Tucked away in the lovely serendipitous streets of Udaipur, neighbouring the City Palace, is an enchanting address that’s home to a timeless collection of erstwhile textiles and curios. For those of us with an appetite for authentic vintage finds, we offer treasures from as early as the Mughal Dynasty.
Pichwai (also pichavai, pichhhavai, and pichhwai) is a traditional and exquisite form of art that originates from the culturally rich state of Rajasthan in India.
In Nathdwara, Rajasthan, and other Pushtimarg places, they are Textiles hanging behind the idol of Shrinathji, a seven-year-old infant version of Krishna. They set the tone (bhava) for festivals or events on the Vallabhacharya Sampradaya or sect’s liturgical calendar by serving as both a theatrical backdrop and a religious image.
Vallabhaacharya believed that the way to achieve the ultimate spiritual goal was through devotion (bhakti) to Krishna and the constant remembrance of him in the midst of worldly pursuits. Pichwais are designed to create an appropriate emotional atmosphere for the shringar. In addition to having visual appeal, Pichwais serve the function of telling stories about Krishna to illiterate people.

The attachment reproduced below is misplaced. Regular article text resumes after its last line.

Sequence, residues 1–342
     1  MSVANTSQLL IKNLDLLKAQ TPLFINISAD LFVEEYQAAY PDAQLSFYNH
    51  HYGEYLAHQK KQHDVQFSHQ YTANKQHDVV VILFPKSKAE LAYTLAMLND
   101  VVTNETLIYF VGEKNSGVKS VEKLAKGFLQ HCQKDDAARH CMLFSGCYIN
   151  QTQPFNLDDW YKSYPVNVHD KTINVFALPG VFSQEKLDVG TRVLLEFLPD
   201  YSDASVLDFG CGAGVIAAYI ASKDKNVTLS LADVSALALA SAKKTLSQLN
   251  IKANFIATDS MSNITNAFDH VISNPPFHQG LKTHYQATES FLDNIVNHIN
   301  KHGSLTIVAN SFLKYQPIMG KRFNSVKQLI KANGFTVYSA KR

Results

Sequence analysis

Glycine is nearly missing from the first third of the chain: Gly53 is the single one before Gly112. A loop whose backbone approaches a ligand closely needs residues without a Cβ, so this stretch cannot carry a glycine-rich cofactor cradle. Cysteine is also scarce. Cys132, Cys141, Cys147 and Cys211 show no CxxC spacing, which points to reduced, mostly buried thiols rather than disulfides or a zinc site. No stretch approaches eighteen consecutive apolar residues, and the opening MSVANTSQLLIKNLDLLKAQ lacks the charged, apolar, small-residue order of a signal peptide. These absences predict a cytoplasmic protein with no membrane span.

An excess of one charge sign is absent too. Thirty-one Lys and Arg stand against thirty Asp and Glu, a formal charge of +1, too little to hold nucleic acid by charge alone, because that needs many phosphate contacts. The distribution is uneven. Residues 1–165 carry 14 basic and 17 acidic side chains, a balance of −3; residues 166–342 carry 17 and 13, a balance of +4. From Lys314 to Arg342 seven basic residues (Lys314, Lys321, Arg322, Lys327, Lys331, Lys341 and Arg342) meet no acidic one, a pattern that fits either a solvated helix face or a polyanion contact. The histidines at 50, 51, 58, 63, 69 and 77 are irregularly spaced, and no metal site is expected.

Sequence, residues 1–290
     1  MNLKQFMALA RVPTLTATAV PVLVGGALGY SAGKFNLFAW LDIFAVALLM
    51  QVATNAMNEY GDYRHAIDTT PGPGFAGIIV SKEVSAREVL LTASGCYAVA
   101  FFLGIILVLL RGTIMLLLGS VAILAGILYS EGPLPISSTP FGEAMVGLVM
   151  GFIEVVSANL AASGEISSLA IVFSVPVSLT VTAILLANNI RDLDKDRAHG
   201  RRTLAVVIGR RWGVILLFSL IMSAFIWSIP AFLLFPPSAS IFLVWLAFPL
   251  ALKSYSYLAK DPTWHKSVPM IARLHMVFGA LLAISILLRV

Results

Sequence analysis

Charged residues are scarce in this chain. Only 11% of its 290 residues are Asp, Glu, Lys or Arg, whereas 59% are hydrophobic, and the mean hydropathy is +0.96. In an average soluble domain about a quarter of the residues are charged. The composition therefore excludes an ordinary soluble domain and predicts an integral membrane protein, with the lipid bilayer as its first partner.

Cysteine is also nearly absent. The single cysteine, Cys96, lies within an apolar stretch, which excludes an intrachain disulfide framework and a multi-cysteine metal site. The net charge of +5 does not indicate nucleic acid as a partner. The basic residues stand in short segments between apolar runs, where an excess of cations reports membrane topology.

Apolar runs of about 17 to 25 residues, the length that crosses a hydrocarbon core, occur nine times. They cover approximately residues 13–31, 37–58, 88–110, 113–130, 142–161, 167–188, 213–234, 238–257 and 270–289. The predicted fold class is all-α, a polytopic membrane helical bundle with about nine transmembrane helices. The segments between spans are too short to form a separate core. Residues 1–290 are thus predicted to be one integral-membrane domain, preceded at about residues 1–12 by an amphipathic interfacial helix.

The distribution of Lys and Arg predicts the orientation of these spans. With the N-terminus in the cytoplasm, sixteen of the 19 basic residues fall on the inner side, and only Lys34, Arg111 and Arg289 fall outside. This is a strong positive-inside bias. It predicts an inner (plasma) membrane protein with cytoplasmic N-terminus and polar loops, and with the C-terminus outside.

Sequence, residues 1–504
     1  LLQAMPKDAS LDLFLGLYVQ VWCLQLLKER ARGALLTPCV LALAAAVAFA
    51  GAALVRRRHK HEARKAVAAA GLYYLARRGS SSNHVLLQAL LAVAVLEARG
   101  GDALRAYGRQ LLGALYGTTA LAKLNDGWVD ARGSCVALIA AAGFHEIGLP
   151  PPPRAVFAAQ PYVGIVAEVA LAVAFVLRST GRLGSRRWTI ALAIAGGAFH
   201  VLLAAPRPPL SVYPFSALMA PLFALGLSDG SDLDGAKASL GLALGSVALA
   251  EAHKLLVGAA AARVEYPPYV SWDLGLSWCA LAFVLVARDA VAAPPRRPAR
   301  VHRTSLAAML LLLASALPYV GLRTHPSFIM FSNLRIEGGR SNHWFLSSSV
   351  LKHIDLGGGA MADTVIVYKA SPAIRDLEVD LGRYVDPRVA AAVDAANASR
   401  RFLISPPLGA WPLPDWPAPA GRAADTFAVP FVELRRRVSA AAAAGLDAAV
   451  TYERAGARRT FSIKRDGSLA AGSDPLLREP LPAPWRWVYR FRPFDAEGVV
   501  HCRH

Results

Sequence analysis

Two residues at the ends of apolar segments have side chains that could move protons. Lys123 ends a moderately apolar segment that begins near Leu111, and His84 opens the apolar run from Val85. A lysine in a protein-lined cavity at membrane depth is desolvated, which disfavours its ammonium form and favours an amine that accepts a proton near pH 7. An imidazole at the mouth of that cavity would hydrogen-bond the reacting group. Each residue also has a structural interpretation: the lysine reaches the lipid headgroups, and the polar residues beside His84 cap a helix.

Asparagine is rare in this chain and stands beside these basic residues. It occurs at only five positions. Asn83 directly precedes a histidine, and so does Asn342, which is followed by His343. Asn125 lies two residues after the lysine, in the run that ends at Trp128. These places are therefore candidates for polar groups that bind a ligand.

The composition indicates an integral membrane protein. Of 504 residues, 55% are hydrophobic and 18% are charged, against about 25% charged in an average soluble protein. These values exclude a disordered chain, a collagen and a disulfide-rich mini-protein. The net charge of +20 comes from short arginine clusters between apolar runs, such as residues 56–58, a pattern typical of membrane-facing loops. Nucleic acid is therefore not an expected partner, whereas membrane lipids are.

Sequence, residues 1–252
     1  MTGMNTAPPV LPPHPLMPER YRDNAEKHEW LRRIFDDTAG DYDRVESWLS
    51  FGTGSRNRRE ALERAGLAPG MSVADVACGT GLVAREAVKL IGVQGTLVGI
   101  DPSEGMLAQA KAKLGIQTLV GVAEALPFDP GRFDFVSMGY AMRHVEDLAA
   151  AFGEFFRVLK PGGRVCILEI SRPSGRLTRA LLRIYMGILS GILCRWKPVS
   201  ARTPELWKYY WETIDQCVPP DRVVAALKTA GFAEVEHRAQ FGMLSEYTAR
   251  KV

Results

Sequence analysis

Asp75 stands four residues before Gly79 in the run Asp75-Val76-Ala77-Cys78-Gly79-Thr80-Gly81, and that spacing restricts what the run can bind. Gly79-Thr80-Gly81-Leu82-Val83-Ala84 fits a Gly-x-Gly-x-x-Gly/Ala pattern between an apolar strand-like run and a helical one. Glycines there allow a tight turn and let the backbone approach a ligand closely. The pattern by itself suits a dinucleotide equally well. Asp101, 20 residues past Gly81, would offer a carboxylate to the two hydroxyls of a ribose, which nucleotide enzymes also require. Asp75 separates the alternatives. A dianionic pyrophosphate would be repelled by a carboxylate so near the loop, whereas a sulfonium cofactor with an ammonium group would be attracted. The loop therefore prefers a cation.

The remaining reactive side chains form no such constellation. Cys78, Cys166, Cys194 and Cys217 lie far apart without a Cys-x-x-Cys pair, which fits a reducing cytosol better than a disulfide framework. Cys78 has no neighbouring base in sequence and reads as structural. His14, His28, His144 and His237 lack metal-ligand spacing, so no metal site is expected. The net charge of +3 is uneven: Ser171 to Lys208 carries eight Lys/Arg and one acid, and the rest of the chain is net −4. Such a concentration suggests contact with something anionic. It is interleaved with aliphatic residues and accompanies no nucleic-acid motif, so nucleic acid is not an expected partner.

The pichwais are painted using stone colors and gold leaf and are also made with hand embroidery. They can be made of brocade and thick silk, stitched, painted, and dyed, tinsel printed, block printed, or even constructed of machine-made lace.
India was the world’s foremost centre of textile production until the European Industrial revolution. Here were communities and castes living side by side, at peace – and expressing their differences through colour and textiles. No other land use to enjoy such a profusion of creative energies for the production of textiles as India. The interaction of peoples- invaders , indigenous tribes, traders and explorers – has built a complex culture legendary for its vitality and colours. Today, over ten million weavers, dyers, embroiders and spinners throughout India contribute their handmade textiles to its melting pot.
The colours and style of embellishment of textiles are dictated by climatic and cultural factors and in areas which heretofore had rich and courtly patrons , sophisticated textiles of complex technique and design have evolved over the centuries from original , simple style.
Each caste passes on unchanged from generation to generation its own distinct designs , colours and range of stiches which, together with the cut of garment and their own particular tie and dye and block printed designs, form the major visuals part of caste’s cultural identity. the designs and motifs are inspired by the indigenous flora and fauna and local mythology.